Cumulative volume of $3.5 trillion gross notional in global cleared credit derivatives over the April-July period peaked in June, with Ice capturing more than 90% of the business. This is a smaller market than the interest rate swap market, which was the main subject of my previous articles, but it is still significant in terms of volumes.
Global cleared volumes
Eighty-six per cent of global monthly cleared volumes was represented by credit default swap index (CDX). Let’s start with a chart breaking out CDX and single-name credit default swaps (CDS) by clearing house.
Figure 1 shows:
- Cumulative volume of $3.5 trillion gross notional in the past four months, of which the majority is CDS index ($3 trillion), and monthly volume ranging from $700 billion to $1 trillion.
- June 2017 was the highest month and July the lowest in the four-month period.
- Ice Clear Credit is by far the largest clearing house and CDX the largest product at Ice, with volume between $475–687 billion a month.
- Single-name CDS volumes at Ice Clear Credit are $48–132 billion a month.
- Ice Clear Credit represents 75% of the cumulative volume over the four-month period.
- Ice Clear Europe is the next largest and represents 16% of the cumulative volume, with monthly CDX volume of $96–123 billion and CDS volume of $18–45 billion.
- The combined share of the two Ice entities is 91% of cumulative volume.
- LCH CDSClear is the next largest with 7% market share, with CDX monthly volumes of $42–70 billion and CDS volumes of $4–11 billion.
- CME has 3% market share with CDX monthly volumes of $13–33 billion and no CDS volumes.
While these figures are much smaller than interest rate swaps where monthly volumes are $20–30 trillion, they are substantial in that almost $1 trillion gross notional is transacted and cleared each month.
Now let’s look at the same figures, but split by product type to see which types of contracts are the most traded.
Figure 2 shows:
- iTraxx Europe is the largest product and represents 41% of the overall volume in this period with monthly volumes between $330–440 billion.
- CDX investment grade is the next largest product and represents 28% of the overall volume in this period with monthly volumes between $200–275 billion.
- CDX high-yield follows with a 9% share and monthly volumes of $65–95 billion.
- Single-name on corporates has 8% and monthly volumes of $40–80 billion, showing how much the single-name market is cleared, compared with the index market.
- Single-name on sovereigns represents 5% and single-name on financials represents 1% of the volume over this period.
- CDX emerging markets is 2% of the volume with $11–25 billion a month.
Swap execution facilities
Swap execution facilities (Sefs) are trading venues mandated for a subset of the cleared CDS index products executed by US-regulated market participants. They are required to publish daily volumes. However, single-name CDS do not fall under this regime, as they are regulated by the Securities and Exchange Commission, not the Commodity Futures Trading Commission.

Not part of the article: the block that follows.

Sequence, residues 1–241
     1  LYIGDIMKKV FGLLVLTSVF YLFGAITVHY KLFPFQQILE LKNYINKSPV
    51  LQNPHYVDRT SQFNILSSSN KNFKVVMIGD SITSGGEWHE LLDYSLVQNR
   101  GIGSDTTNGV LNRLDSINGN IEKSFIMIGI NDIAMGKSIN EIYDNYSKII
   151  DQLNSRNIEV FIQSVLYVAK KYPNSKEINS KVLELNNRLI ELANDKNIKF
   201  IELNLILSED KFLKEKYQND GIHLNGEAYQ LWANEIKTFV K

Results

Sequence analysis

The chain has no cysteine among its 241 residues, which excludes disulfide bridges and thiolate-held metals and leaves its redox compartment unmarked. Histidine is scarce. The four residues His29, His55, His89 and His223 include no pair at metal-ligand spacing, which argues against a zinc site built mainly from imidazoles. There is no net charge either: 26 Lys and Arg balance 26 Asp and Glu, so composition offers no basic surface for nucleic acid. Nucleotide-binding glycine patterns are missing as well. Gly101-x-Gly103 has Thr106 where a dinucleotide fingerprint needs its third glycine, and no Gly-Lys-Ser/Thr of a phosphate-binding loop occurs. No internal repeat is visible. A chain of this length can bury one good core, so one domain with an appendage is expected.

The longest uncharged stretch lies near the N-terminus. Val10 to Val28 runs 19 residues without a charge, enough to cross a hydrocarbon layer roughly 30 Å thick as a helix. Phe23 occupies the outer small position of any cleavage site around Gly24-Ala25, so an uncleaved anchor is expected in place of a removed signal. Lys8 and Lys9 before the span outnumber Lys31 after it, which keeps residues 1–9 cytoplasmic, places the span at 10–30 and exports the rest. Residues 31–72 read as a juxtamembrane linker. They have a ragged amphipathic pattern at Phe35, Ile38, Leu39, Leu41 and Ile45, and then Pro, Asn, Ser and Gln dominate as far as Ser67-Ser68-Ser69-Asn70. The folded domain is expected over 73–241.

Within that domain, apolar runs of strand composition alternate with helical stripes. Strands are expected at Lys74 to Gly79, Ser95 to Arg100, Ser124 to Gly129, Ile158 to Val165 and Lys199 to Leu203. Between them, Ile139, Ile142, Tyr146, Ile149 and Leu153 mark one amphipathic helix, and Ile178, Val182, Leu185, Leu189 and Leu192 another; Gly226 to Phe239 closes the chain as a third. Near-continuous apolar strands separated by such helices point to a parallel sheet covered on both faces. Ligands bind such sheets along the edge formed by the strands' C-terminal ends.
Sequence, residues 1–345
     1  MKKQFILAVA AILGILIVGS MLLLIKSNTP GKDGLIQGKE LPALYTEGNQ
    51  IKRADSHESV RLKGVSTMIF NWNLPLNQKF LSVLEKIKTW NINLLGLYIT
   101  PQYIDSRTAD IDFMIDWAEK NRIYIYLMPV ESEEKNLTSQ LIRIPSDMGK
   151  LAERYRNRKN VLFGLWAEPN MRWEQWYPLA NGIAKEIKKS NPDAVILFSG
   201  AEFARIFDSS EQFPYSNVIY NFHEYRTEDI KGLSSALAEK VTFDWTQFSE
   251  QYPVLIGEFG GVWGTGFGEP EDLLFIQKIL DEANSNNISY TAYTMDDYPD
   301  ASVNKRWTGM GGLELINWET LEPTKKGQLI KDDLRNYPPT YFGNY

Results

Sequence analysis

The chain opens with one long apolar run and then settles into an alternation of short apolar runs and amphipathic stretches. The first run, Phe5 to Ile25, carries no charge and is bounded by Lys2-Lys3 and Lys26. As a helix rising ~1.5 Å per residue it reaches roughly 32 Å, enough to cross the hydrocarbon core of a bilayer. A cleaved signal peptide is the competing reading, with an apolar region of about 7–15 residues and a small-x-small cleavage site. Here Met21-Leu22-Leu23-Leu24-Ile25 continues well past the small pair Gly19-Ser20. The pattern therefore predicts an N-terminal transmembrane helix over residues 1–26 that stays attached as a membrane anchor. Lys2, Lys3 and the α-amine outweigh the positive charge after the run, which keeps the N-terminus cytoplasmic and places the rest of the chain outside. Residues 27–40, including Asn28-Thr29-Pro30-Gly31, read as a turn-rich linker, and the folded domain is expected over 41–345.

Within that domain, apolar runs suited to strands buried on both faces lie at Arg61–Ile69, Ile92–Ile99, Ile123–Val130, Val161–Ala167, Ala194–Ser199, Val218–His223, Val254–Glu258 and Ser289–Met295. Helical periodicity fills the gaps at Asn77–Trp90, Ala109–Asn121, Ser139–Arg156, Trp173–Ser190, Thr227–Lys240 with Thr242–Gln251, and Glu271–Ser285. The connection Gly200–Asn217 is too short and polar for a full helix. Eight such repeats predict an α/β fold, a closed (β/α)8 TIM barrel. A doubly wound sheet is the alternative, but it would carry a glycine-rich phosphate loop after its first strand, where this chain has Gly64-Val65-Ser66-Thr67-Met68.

Let’s look at monthly volumes over the same period for CDS index products.
Figure 3 shows:
- Cumulative gross notional of $1.9 trillion over the four-month period, compared with the $3 trillion we saw in global cleared volumes, so representing 60% of the overall market.
- Bloomberg is by far the largest Sef, with 80% market share and monthly volumes between $300–450 billion.
- Tradeweb is the next largest with 12% share and monthly volumes between $40–70 billion.
- Tullett has a 4% share with monthly volumes between $15–30 billion.
- The remaining Sefs each have a 1% or smaller share.
Bloomberg’s dominance of trading of CDX mirrors the dominance of Ice in clearing of this asset class.
In addition to the above cleared products, there are two types of bilateral (uncleared) products that are commonly traded; options on indexes and tranches in indexes. Let’s look at the Sef reported volumes of options.
Figure 4 shows:
- Cumulative gross notional of $23 billion over the four-month period, compared with the $1.9 trillion in CDS index.
- GFI is the largest Sef with a 54% share and monthly volumes of $2–4 billion.
- Tullett is the next largest with a 21% share, followed by BGC with 15% and Icap with 9%.
So this not a huge market, but one that is active with transactions on most business days. Tranche index, however, shows very thin trading on Sefs with only $450 million reported in the four-month period, of which $380 million was at GFI.
A final chart before we end. Using swap data repository data we can isolate the prices of trades for a specific contract on a given business day. Let’s do so for CDX North American Investment Grade S28 (CDX.NA.IG.S28).
Figure 5 shows:
- The prices and times of trades executed between 11:00 universal time (UTC) and 21:00 UTC.
- 107 trades in total.
- Prices starting at 55.75 basis points and rising over the day to close at 56.25bp.
- Reasonable price volatility over the course of the trading day.
Amir Khwaja is chief executive of Clarus Financial Technology.